Anti-gun editorial at Oklahoma Community College


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romeo212000
March 14, 2008, 11:33 AM
I am a student here and was disgusted to read this in the paper when I went to class last night.

http://www.occc.edu/pioneer/Archives/March_10_2008/news1.html

"Guns on campus bill opposed by students, cops
Highlights
HB 2513 would allow ollege students to carry concealed weapons on campus.
Many students disagree with bill.
By Chris Lusk, Editor

A bill that would allow college students to carry concealed weapons on campus is on its way to the state House of Representatives for deliberation.

Although the bill’s author sees it as a plus, college officials are skeptical.

House Bill 2513 recently was approved 14-2 by the House Judiciary and Public Safety Committee, said Rep. Jason Murphey, R-Guthrie.

Murphey said he authored the bill following the Feb. 14 shootings that left six dead at Northern Illinois University.

He said the bill would allow students to protect themselves in case of an emergency situation.

“As long as students keep their weapons concealed, they would be able to go to class with them,” Murphey said.

He said another benefit of this bill would be that a potential shooter might think twice about entering a college campus.

“A shooter wouldn’t know who has a gun and who doesn’t,” Murphey said.

“We allow people to protect themselves on the street,” he said. “They should be allowed to protect themselves elsewhere, even on a college campus.”

Sophomore Ricky Brown, an avid hunter, said although he believes in the right to bear arms, schools are not the place for weapons.

“I own 12 different guns,” Brown said. “I love hunting, I love guns and I love the rights protected by the Second Amendment.

“But allowing students to carry weapons on campus is a recipe for disaster and illogical.”

OCCC President Paul Sechrist expressed his concerns with HB 2513.

He said while he recognizes the bill is intended to provide increased safety on campus, law enforcement experts oppose these efforts because students carrying concealed weapons to class could increase the risk to other students.

“For example, when officers arrive on an active shooter scene,” Sechrist said, “if students who are trying to be helpful also have their weapons drawn, the officers would not be able to distinguish between the dangerous person with a gun from the helpful students who also have guns.”

Other concerns include the potential accidental discharge of a weapon by a student, Sechrist said.

Safety and Security Director Ike Sloas said, that while he was not aware of the college’s official stance on the issue, he personally is against HB 2513.

“As a security officer, [HB 2513] would make responding to incidents very confusing,” Sloas said. “Most of the time you have to react in a matter of seconds.

“If you hear gunshots, arrive at the scene and find three people with weapons drawn, you would have to quickly determine who is the bad guy and who are the heroes.”

Sechrist said The Oklahoma Council of Presidents of Colleges and Universities has adopted a resolution opposing HB 2513.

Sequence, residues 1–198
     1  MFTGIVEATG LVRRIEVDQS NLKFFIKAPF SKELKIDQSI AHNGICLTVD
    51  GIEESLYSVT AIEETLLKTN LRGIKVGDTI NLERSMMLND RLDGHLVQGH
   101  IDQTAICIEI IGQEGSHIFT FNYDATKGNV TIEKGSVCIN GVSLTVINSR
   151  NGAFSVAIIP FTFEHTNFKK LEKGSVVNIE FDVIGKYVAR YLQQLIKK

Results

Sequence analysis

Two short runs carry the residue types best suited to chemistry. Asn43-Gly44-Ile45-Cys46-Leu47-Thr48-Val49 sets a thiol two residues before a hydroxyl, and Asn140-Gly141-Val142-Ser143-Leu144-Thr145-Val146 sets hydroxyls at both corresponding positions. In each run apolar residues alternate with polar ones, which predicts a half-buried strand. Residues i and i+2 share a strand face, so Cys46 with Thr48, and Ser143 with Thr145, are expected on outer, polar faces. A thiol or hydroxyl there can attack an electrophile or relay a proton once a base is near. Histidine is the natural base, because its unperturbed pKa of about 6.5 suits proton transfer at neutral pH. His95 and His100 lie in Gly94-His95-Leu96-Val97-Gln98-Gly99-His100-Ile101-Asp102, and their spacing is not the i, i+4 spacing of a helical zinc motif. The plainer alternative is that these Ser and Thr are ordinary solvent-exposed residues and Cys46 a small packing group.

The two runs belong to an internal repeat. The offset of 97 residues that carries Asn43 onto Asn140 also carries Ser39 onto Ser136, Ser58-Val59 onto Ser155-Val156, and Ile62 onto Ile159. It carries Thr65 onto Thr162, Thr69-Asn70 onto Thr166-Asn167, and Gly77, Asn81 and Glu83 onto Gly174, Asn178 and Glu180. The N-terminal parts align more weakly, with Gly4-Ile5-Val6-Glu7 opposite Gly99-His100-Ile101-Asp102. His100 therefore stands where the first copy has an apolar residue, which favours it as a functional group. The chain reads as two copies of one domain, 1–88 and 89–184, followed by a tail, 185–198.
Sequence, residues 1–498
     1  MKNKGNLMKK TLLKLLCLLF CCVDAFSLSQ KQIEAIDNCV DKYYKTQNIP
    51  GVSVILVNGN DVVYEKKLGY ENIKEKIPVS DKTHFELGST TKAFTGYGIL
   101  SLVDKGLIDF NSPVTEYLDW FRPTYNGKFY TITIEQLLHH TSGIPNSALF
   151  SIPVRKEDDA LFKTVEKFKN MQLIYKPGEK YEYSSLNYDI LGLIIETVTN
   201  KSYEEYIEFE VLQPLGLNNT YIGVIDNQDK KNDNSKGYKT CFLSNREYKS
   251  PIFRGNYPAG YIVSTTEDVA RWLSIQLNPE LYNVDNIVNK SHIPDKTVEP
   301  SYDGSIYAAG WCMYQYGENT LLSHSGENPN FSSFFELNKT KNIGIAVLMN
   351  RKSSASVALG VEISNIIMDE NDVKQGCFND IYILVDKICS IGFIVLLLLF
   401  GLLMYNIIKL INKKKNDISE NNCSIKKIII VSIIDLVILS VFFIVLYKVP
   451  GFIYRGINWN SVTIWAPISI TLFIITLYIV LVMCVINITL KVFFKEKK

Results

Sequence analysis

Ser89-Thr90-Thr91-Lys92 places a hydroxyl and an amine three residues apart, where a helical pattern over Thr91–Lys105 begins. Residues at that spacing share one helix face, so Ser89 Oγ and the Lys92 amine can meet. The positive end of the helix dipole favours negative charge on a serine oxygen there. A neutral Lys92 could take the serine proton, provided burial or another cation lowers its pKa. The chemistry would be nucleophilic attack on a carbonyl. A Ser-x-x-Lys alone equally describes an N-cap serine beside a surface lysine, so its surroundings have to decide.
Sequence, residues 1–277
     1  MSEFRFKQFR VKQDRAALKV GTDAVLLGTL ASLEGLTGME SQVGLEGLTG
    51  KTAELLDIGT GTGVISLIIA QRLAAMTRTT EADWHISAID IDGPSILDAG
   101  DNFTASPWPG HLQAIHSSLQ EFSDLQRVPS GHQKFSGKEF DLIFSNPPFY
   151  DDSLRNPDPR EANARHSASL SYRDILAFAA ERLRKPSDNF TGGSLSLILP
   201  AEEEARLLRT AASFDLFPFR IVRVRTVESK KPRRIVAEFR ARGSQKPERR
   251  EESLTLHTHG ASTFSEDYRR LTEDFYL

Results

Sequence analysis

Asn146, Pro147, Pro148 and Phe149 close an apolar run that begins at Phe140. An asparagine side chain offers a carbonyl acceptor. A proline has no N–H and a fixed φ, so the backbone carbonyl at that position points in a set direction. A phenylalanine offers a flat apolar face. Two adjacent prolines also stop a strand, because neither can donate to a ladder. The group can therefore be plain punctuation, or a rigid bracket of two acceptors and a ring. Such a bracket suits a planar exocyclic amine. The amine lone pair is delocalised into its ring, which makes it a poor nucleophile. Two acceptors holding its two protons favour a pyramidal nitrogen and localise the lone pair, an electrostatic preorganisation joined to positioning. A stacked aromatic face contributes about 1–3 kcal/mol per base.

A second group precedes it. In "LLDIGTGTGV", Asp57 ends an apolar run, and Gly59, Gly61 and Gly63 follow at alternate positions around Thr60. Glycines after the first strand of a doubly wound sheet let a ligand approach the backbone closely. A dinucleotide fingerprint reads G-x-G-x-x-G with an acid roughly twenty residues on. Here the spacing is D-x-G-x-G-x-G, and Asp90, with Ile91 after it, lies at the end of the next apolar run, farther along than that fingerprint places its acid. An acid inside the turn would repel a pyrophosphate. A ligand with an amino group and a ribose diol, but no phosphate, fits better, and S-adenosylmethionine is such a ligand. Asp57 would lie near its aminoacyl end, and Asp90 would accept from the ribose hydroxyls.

“Following the advice of law enforcement experts and desiring to do everything I can to increase safety on campus,” Sechrist said. “I join with the other Oklahoma [college] Presidents opposing this bill.”

Both Sechrist and Sloas argued that other safety measures would be more constructive.

Sechrist said, in response to recent incidents, schools across the nation have enacted a number of initiatives to increase safety.

“We have begun requiring active shooter training for our safety officers,” he said.

“We have also added emergency warning capabilities to all areas of the campus, including classrooms.”

Students across OCCC also expressed their views on HB 2513.

English major Sherree Cantrell said allowing students to carry weapons at school makes sense in theory, but not in reality.

“I’m sure everyone sees the reason behind this bill,” Cantrell said. “As often as school shootings are happening, campus safety is a pressing issue and everyone wants to figure out what to do.

“There would be too many risks having people walking around armed.”

Freshman Isaac Daniels said he had not heard about HB 2513, but was surprised after hearing what the bill proposed.

“Are you serious?” Daniels said. “This seems like a no-brainer to me. Why are our elected officials even debating this? If everyone was carrying a gun at school, I’d drop out.”

Editor Chris Lusk can be reached at editor@occc.edu."


I was so disgusted with this editorial that I wrote this e-mail in reply.

Editor Chris Lusk,

I must say I am rather dissapointed in your editorial on the propsed bill that would allow students with concealed carry permits to protect themselves on campus. While I respect everyone's opinions I must say you presented a very one sided argument from both student's and teachers. You have no quotes from any students or school officials who feel that the proposed bill may be beneficial to the safety of those on campus. You headline reads "Guns on campus bill opposed by students, cops." I must say that none of those people speak for me as a student of OCCC and I'm certain there are a large number of other people whom that headline does not speak for.